If you ignore prejudice, you invite prejudice.
Stony Brook University officials recently hosted a forum in Port Jefferson to highlight how, despite efforts to stamp out prejudice in the local community, its specter constantly lingers in the background. The catalyst for the panel discussion was a recent incident, where a Sikh man was essentially barred from entering a restaurant because his religious garb was misunderstood.
Presenters praised the more than 40 people, mostly business owners, who attended the panel for being open-minded. Many walked away with new insights and goals in mind.
It makes little economic nor moral sense to restrict who can buy your products or shop because of a lingering prejudice, so we agree that all North Shore businesses should be looking for ways to become more inclusive.
Prejudice sits just under the skin of a community and surfaces regularly. Back in May, a gay couple were called “faggots” by a waiter as they left a restaurant in Smithtown. The restaurant wrote a long apology on its Facebook page, but not until after the news was carried far and wide. That incident not only looks bad on that one individual and the business where they are employed, but the stigma is transmitted to all surrounding businesses.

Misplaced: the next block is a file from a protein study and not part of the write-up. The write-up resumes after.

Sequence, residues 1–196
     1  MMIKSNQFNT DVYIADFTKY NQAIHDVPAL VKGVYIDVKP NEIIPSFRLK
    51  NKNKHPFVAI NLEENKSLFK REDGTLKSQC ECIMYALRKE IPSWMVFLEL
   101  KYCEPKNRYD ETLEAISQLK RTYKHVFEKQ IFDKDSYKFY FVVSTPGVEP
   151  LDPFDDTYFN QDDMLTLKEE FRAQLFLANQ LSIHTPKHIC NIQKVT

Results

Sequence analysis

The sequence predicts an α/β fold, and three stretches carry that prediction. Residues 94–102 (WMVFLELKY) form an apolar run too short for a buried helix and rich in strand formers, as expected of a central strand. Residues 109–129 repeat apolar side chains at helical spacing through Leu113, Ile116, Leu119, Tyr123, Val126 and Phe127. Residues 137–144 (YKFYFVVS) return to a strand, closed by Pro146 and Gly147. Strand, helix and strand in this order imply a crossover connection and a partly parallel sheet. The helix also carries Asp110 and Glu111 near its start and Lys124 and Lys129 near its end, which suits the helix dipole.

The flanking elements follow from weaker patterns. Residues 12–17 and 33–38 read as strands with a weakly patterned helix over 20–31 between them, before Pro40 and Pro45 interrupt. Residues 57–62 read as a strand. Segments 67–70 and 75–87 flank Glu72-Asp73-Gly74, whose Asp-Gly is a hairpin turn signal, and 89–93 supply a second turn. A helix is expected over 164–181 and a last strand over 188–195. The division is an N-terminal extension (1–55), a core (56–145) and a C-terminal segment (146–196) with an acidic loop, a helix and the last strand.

People can pretend that prejudice is contained as overt acts of aggression, yet the truth is less obvious. In reality, much of Long Island is dotted with areas of high wealth, situated alongside areas of upper and lower middle class. Consider Long Island school districts, which dictate their own boundaries. Segregation among school districts is such that the majority of Brentwood students, for example, are black and Hispanic, while a district like Three Village is comprised of more than 80 percent white students. To pretend that such overt segregation doesn’t lead to ignorance and prejudice is fooling oneself. The truth is that Long Island is regarded as one of the most segregated metropolitan regions in the country.
Restricting somebody from entering a restaurant is overt in its ignorance. It’s wrong for a whole host of reasons, and in the small relatively insular communities of the North Shore of Long Island, those ideas are hard to wrestle away.
But those ideas must be torn away, ripped up and be jammed deep to the bottom of the garbage bin.
Our local shops have a lot they can do to help. The Stony Brook University panel suggested businesses talk about hiring people to become more diverse. Simply putting a sign in a store window inviting people of all races, religions, creeds, sexual orientations and genders to shop can emphasize inclusivity.
Learn to recognize prejudice and then take a stand when you see it, especially if it’s within your own thoughts and actions. There are benefits to racial and cultural diversity. Let’s celebrate our differences.